The certificate alongside clarifies that the qualified midwife (Jane Bullock) had conducted 40 labours, assisted in 4 and observed 60, thus providing an idea of the level and quality of training provided. The Government of Madras managed to get a reciprocal registration in the training of nurses between the UK and Madras in 1928.
The frontage of the Pantheon Road MH includes a gable façade and an asymmetrical arcade topped by an ornate balustrade and a ‘Travancore’ style tower. From 1881, the MH became a Government-managed facility. In the next two decades, it expanded to accommodate 150 in patients. By 1882, MMC offered intense training to medical students at the MH precinct through a 9-month-long integrated course in midwifery and diseases of women and children, which was the predecessor of the Diploma in Gynaecology and Obstetrics, formally offered from 1930. By the 1900s, the MH further expanded with scope for 140 additional beds. William Thompson superintended this hospital between 1848 and 1851.
James Shaw, the first professor of midwifery at MMC, superintended the maternity ward of the NH between 1844 and 1864. Arthur Branfoot (Superintendent, 1879–1898) is indicated to have attended to the delivery of the baby of Supalayat (1859–1925), Queen of Burma, who was imprisoned by the British Government and stationed in Madras in 1886. Gerald Giffard constructed a separate teaching block, after whom the Giffard Block remains today.
This Pantheon Road building, when completed, was remarked to be resembling a female pelvis: the labour ward complex representing the sacrum, the lying-in wards representing the inlet, and the main-gate complex representing the inguinal ligaments reaching the pubic symphysis. Fourth-year students from medical colleges of far-off Lucknow, Lahore and Burma came to this hospital for a month-long training involving observation of obstetric procedures and hands-on experience in handling labour.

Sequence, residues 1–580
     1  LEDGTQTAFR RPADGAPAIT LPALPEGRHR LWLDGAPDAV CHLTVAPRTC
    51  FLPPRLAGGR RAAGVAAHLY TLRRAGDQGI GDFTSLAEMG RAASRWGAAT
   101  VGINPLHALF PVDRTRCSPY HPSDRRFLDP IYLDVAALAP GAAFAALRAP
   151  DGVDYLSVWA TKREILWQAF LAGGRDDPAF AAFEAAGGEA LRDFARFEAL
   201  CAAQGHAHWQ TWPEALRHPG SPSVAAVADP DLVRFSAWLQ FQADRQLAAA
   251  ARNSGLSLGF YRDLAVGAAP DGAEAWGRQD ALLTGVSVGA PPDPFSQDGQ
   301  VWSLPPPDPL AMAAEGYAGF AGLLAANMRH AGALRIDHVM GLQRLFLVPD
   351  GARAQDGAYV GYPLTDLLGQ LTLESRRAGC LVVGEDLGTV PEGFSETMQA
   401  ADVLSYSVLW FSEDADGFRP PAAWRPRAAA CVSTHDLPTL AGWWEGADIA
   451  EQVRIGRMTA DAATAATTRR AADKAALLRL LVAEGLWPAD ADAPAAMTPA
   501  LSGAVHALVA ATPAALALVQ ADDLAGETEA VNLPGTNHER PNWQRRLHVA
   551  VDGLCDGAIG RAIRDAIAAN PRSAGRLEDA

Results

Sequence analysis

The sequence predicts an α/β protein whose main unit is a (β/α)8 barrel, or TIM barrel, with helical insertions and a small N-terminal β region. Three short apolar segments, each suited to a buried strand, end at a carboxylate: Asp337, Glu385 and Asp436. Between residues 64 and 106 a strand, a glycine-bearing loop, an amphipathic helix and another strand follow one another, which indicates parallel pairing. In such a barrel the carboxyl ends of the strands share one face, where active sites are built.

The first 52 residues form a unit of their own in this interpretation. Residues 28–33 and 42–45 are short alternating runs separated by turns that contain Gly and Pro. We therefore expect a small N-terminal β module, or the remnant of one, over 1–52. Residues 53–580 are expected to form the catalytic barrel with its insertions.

Arcot Lakshmanaswami Mudaliar, at the inauguration of the First All-India Obstetrics and Gynaecological Congress, presided over by Ida Scudder of Vellore, held in Madras in 1936, said:
‘… But Madras is proud, and justly so, of the place it occupies in the obstetric world of today and it is in no spirit of narrow provincialism that I venture to maintain that no other city in Indian could have claimed this honour with greater confidence and dignity. …’.
(To be continued next fortnight)
Mr. Muthiah was a walking encyclopedia on various topics. People from many walks of life who came into contact with him were amazed at how he could discuss at length on just about anything. And as a professional sports writer for over half a century now I was absolutely flabbergasted as to how much he knew about my subject, cricket being particularly close to his heart.
After meeting him casually at a couple of literary functions I had my first serious interaction with Mr Muthiah at his house a little more than a decade ago. He wanted to know whether I could contribute a sports column for Madras Musings on a regular basis and of course I was happy to do so. Sometimes I would send in the piece on my own, at other times he would prompt me to write something topical since he followed sports closely and knew what or who was making news. He also encouraged me to write on senior sports journalists and over a period of time I wrote about P.N. Sundaresan, N.S. Ramaswami, J.C. Jacob and T. Govindrajan.
When at the request of prominent sports administrator Mr. N. Ramachandran he agreed to compile a book on sports in Tamil Nadu he asked me how I could contribute. I offered to write on cricket and tennis but he said that V. Ramnarayan was doing the chapter on cricket so it was just tennis for me. I introduced him to journalists who could help him out in writing on other sports. I am glad that my colleagues S.R. Suryanarayan and V. Venkatramana were of immense help in contributing articles on various sports.
During this time I interacted with Mr. Muthiah more often and found him meticulous in his approach. A stickler for discipline and detail he did not like copy that was haphazardly written and was quite blunt in his criticism. Being a historian he was particularly dogmatic about facts and figures and preferred copy with correct and straightforward prose and not padded with needlessly flowery language.